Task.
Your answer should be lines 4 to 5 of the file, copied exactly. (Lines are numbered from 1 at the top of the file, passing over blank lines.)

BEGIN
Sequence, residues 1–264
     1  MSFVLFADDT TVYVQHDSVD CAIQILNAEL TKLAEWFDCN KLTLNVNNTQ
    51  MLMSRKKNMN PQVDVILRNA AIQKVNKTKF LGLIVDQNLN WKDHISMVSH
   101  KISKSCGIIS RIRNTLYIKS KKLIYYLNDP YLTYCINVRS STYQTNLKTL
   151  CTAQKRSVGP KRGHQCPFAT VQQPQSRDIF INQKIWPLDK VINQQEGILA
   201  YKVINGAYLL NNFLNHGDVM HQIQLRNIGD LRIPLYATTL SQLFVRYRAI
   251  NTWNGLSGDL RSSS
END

   101  KISKSCGIIS RIRNTLYIKS KKLIYYLNDP YLTYCINVRS STYQTNLKTL
   151  CTAQKRSVGP KRGHQCPFAT VQQPQSRDIF INQKIWPLDK VINQQEGILA